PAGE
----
How can flexible packaging be better designed for circular sorting and recycling? A new testing programme is generating a wealth of independent data to accelerate the design of circular flexible packaging, according to reviewer Professor Kim Ragaert, chair of Circular Plastics at Maastricht University in the Netherlands.

Flexible packaging is being sorted and recycled in many European countries, what information are we still lacking to make it more circular?

Recycling flexible packaging is complicated because it has to overcome contaminations and potential degradations of the source material – with a lot of unknown factors going on. That is why the industry needs more accurate information on the optimum packaging designs, composition of bales of recyclable materials from sorting facilities and tolerance limits of the end materials properties for future application development. The testing program we are doing, in preparation of updated design for recycling guidelines, is incredibly important in bridging the knowledge gaps and connecting these elements more effectively.

All the design guidelines out there today are somehow a condensation of existing expert knowledge and expert judgment. And there’s very rarely any hard data to support them. So, what we want to do is generate data to establish the facts beyond question. And then out of that data, generate updated, more specific and relevant guidelines.

What are the challenges and rewards of designing a testing programme like this?

The challenges range from very technical to more value chain oriented. The testing is comprehensive, but pretty straight forward in many respects. However, one challenge of working with a number of high-level labs though, is we have to make sure that if lab A and lab B are following the same protocol to ensure reliable, comparable data is generated. We are putting in place some round robin testing on top of the protocols themselves to ensure this.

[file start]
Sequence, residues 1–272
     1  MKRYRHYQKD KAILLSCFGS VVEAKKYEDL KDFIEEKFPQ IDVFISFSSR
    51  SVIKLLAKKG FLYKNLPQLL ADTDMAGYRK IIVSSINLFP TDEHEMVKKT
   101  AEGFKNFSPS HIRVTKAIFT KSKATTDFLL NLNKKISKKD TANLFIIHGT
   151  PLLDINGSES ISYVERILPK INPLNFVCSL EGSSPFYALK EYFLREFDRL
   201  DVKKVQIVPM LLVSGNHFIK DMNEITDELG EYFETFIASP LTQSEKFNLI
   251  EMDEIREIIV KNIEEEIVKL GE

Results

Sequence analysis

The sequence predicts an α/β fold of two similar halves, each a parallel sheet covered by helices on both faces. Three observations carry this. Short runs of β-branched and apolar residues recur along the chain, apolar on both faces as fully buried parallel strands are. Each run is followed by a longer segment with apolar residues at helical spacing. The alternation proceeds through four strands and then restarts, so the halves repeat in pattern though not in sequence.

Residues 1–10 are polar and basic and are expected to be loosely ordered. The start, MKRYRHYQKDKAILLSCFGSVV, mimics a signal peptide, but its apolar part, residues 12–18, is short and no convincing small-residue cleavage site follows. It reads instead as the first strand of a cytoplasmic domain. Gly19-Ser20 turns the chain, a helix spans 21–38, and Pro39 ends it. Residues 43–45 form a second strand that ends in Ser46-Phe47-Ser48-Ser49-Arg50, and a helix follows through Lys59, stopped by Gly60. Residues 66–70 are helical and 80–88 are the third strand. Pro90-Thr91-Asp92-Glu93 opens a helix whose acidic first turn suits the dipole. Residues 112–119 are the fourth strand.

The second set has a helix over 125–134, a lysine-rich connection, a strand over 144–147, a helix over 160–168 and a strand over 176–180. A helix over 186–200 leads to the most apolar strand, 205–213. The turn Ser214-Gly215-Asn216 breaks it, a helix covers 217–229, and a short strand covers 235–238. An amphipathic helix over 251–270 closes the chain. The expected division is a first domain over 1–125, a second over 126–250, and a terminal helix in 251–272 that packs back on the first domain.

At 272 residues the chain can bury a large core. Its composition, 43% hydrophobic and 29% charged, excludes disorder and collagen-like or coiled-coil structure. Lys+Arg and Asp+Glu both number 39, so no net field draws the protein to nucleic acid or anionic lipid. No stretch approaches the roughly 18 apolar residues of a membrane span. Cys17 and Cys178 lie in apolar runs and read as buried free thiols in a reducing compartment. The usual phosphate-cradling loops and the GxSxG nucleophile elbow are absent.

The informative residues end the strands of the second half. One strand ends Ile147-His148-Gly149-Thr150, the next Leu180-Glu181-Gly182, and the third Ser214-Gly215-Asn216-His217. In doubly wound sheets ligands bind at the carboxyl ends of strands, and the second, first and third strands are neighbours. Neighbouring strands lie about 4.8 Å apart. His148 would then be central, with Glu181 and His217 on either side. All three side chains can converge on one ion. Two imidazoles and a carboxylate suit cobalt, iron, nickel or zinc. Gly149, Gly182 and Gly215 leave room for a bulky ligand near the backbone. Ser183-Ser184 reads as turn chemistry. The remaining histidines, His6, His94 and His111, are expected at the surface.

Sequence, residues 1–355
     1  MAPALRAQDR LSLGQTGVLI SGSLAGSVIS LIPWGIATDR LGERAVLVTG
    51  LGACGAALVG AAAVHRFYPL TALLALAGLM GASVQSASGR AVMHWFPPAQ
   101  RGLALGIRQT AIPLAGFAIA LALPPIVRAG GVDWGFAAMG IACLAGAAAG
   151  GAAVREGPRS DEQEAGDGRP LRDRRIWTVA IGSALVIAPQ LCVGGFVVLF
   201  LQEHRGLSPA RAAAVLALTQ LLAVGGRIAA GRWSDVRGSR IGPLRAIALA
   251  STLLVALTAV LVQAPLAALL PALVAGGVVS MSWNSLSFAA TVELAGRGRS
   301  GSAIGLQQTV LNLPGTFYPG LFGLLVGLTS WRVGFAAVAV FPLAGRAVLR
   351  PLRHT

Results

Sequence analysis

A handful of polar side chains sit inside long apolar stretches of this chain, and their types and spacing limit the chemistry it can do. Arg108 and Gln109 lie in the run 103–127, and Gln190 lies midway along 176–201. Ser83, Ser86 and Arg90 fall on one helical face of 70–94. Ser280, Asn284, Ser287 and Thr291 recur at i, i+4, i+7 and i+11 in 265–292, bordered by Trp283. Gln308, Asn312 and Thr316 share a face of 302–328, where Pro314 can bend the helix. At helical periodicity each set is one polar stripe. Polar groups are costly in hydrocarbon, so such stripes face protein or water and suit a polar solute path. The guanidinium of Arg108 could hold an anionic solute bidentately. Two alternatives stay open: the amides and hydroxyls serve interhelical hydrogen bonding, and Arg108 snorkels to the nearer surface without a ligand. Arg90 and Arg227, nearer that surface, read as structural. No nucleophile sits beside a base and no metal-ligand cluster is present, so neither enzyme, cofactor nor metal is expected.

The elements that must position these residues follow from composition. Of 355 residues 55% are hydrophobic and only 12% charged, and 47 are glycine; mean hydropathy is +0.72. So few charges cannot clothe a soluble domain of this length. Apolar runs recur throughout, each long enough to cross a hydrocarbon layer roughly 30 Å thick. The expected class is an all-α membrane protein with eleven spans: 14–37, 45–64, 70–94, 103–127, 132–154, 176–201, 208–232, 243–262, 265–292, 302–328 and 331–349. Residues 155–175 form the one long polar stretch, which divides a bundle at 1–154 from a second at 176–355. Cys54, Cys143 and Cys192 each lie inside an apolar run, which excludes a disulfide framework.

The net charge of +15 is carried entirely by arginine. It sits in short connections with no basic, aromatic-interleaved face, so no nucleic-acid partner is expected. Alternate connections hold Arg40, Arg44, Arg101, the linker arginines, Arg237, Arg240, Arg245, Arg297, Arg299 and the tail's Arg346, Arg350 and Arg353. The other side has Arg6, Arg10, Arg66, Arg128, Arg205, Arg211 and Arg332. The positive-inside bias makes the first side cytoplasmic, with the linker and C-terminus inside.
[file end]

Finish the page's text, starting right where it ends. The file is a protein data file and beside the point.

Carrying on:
The second aspect, and perhaps the biggest challenge, is how do we make lab testing relevant, converting very objective data into guidelines for designing products.

One of the things we are doing is testing the effects of a second element in the polyethylene (PE) or polypropylene (PP) recycling stream with the reference being a complex composition representative of the recycled material, not a single virgin material. This will create a huge amount of binary data, which is done according to a way of testing that can be compared and scaled to distil the most effective insights.

As for further rewards, there is a definite added-value in data showing the impact of specific materials and elements in a flexible packaging structure on recyclability. This is different to assessing the recyclability of a whole pack, where protocols to evaluate the recyclability of a certain product already exist. Finally, this testing work and data will be shared in an open-data and collaborative manner to benefit the whole value chain and their partners.

What are the benefits of the collaborative approach with CEFLEX?

One of the great strengths of CEFLEX is that you have a lot of very important stakeholders at the table, from the entire value chain – we have virgin resin producers and recyclers, but also a lot of people that make the smaller components like ink producers and adhesive producers. There are some brand owners in there too.

The flow of information this creates is incredibly interesting because it covers all perspectives. When combined with the extensive testing insights, this could create a lot of reality checks that the entire value chain should know about. I think that’s super interesting.

Ultimately, my hope is the subsequent updated guidelines are broadly implemented so quality and quantity of flexible film recycling can increase and we make much more high quality products. That’s the goal, and the goal of CEFLEX, to move towards better quality than the current system is producing.

Prof. Kim Ragaert from Maastricht University

Prof. Kim Ragaert, Maastricht University